If you prefer accommodation with a higher standard and some more amenities you should book a stay at Mooban Talay Resort. This place is newly renovated and as mentioned above, it’s located on the best part of Noi Na beach. Superior service combined with a friendly village atmosphere is what makes Mooban so special. They want their hotel to feel like your second home.
The rooms range from the most expensive deluxe beachfront rooms to more affordable bungalows in the garden. They also have their own shuttle boat for transfer from Ban Phe Pier. If I end up going back to Koh Samet I would split my time between some chill nights at Apace and a little bit of luxury at Mooban Resort.
Enjoying a refreshing orange & lime slushie at Jellyfish restaurant
Best restaurants on Koh Samet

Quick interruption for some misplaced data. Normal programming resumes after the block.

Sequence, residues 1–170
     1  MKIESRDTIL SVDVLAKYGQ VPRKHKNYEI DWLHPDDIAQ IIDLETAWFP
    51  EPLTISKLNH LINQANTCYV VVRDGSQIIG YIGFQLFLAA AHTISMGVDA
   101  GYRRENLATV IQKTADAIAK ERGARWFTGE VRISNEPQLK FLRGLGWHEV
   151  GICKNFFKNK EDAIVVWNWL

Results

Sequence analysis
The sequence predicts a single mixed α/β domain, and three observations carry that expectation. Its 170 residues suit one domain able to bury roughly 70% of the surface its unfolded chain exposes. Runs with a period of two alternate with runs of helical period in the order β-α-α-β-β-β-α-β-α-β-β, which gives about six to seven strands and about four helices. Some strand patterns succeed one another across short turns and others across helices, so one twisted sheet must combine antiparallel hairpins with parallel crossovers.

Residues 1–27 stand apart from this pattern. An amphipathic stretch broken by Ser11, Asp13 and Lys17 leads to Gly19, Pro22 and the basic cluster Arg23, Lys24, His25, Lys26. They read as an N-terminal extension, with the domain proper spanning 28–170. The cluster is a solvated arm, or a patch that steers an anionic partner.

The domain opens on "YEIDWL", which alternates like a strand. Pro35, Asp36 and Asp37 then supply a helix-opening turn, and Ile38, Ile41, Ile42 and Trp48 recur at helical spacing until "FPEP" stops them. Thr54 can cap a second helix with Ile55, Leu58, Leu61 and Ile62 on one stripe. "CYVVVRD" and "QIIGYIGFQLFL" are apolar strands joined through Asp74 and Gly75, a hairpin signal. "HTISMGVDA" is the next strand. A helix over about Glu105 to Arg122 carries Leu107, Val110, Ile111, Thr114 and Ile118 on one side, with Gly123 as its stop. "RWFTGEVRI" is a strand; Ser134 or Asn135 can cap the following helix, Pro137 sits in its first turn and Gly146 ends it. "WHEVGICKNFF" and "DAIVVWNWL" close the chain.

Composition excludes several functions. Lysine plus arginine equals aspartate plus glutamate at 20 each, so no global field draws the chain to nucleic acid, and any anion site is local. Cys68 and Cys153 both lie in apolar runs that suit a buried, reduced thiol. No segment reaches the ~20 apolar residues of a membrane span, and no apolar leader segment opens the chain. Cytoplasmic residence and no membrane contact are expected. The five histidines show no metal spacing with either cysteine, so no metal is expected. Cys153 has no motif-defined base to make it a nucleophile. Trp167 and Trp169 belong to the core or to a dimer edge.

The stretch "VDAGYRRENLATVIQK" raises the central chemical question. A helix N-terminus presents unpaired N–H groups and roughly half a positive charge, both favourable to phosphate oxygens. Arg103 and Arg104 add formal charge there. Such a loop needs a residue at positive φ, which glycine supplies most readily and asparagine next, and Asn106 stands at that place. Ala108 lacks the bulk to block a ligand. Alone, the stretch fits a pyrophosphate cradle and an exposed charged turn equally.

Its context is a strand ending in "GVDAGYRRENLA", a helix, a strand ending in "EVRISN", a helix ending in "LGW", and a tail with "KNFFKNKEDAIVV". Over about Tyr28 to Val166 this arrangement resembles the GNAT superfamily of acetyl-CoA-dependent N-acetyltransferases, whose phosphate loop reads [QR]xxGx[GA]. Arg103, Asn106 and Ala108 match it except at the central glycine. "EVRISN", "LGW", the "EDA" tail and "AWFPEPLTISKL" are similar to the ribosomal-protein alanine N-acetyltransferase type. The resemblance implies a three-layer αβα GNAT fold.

Banana Bar is highly rated on Tripadvisor for a reason! Dinner here was the absolute best meal we had during our stay on the island and the best Thai food I’ve had in a long time. We tried the spring rolls and sweet & sour chicken, both delish. My mum almost didn’t want to go into the restaurant with me. She’s one of those “judges a book by its cover” people. Haha sorry mum! But after traveling for so many years I have learned that you often get the best local food in small hole in the wall places like this one. I think we were literally seated in their living room/storage room which is open onto the main street in town. A fun experience and definitely a must on Koh Samet!
Summer Day Beach Restaurant
Summer Day Beach Restaurant is another great place for some authentic and affordable Thai food. I heard some Bangkok expats talking about it being the best Thai food they’d ever had. The setting is beautiful right on the beach but they only have 6 tables and the kitchen closes early, usually around 8 pm (at least during low season). The staff here are friendly and extremely helpful. They’ll do whatever they can to make your lunch or dinner an amazing experience. I’ve also heard great things about the adjacent resort, so if you want to stay in the thick of things it might be worth checking out.